Short synthetic peptide molecules which bind to a specific target protein with a high affinity to exert its function are known as peptide aptamers. The high specificity of aptamers with small-molecule targets (metal ions, dyes and theophylline; ATP) is within 1 pM and 1 μM range, whereas with the proteins (thrombin, CD4 and antibodies) it is in the nanomolar range (which is equivalent to monoclonal antibodies). The recently identified coronavirus (SARS-CoV-2) genome encodes for various proteins, such as envelope, membrane, nucleocapsid, and spike protein. Among these, the protein necessary for the virus to enter inside the host cell is spike protein. The work focuses on designing peptide aptamer targeting the spike receptor-binding domain of SARS-CoV-2. The peptide aptamer has been designed by using bacterial Thioredoxin A as the scaffold protein and an 18-residue-long peptide. The tertiary structure of the peptide aptamer is modeled and docked to spike receptor-binding domain of SARS CoV2. Molecular dynamic simulation has been done to check the stability of the aptamer and receptor-binding domain complex. It was observed that the aptamer binds to spike receptor-binding domain of SARS-CoV-2 in a similar pattern as that of ACE2. The aptamer-receptor-binding domain complex was found to be stable in a 100 ns molecular dynamic simulation. The aptamer is also predicted to be non-antigenic, non-allergenic, non-hemolytic, non-inflammatory, water-soluble with high affinity toward ACE2 than serum albumin. Thus, peptide aptamer can be a novel approach for the therapeutic treatment for SARS-CoV-2.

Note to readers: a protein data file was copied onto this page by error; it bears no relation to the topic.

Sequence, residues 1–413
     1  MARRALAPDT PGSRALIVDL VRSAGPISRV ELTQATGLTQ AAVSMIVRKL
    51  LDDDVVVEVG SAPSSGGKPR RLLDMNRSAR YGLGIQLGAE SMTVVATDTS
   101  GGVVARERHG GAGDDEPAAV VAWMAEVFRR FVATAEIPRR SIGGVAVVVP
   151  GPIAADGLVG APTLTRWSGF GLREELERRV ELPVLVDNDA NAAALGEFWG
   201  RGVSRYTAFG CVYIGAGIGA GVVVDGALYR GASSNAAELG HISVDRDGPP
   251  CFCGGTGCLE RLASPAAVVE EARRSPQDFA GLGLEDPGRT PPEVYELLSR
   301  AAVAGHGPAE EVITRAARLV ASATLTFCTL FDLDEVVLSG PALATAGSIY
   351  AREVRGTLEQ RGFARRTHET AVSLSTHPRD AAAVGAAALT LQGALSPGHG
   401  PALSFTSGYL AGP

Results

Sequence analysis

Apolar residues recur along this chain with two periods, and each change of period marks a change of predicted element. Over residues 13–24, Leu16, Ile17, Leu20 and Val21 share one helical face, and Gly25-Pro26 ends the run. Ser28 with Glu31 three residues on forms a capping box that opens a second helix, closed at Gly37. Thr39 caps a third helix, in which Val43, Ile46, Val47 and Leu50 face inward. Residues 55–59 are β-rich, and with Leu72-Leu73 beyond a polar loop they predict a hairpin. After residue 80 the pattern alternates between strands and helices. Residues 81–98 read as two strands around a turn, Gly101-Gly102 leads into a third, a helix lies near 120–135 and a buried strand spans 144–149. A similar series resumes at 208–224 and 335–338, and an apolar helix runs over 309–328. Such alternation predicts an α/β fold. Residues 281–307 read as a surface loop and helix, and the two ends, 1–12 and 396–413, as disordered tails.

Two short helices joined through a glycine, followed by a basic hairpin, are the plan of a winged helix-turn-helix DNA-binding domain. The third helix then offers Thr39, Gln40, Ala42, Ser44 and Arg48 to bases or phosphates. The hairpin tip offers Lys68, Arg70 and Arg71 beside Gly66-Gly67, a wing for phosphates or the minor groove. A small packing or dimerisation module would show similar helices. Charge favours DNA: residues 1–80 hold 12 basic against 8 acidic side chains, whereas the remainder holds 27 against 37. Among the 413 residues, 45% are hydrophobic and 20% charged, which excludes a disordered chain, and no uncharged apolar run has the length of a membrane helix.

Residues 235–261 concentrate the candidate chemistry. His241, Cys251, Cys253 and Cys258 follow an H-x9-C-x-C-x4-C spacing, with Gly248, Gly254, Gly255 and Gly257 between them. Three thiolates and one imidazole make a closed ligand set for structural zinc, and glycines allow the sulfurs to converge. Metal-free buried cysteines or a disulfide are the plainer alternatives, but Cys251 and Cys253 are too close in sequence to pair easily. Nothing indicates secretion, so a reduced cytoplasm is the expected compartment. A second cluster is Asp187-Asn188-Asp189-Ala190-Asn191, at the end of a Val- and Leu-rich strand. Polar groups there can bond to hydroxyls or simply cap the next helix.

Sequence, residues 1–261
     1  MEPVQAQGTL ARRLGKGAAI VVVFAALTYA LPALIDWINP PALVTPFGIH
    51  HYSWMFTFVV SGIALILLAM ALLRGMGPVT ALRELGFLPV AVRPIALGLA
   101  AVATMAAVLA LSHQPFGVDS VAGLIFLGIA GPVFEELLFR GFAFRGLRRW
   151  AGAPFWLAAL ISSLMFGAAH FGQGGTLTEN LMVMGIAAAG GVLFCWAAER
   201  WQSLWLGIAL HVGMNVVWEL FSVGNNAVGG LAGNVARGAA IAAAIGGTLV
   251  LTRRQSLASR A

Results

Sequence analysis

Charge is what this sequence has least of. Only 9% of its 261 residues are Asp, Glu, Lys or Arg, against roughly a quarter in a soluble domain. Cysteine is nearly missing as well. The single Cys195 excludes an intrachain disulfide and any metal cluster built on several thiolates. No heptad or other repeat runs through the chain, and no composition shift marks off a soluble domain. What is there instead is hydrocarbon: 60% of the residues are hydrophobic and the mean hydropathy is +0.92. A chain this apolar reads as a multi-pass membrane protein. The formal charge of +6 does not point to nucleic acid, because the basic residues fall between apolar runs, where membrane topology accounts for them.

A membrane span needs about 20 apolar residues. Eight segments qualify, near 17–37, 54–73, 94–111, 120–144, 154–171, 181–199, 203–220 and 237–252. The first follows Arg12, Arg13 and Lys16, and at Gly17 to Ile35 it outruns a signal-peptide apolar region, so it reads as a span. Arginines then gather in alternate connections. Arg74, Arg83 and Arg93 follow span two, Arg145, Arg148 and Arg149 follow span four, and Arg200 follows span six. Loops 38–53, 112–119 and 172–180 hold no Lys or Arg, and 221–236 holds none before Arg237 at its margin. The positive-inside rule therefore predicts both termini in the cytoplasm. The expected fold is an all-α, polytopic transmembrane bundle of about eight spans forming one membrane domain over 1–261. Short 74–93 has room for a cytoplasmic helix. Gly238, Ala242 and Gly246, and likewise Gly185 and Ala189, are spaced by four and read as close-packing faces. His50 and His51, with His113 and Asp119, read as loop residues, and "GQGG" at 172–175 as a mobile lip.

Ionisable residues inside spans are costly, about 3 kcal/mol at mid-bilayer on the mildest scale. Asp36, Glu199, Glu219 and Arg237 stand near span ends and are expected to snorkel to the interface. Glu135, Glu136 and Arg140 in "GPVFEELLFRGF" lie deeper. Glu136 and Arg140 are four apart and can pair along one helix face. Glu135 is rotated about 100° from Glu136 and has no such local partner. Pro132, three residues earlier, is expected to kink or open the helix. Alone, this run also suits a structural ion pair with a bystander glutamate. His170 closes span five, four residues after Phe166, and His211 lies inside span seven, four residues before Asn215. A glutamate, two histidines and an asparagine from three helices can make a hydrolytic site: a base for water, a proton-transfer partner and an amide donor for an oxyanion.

Keywords: Molecular docking; Molecular dynamic simulation; Peptide aptamer; SARS-CoV-2; Spike protein.
© 2021. The Author(s), under exclusive licence to Springer Nature Switzerland AG part of Springer Nature.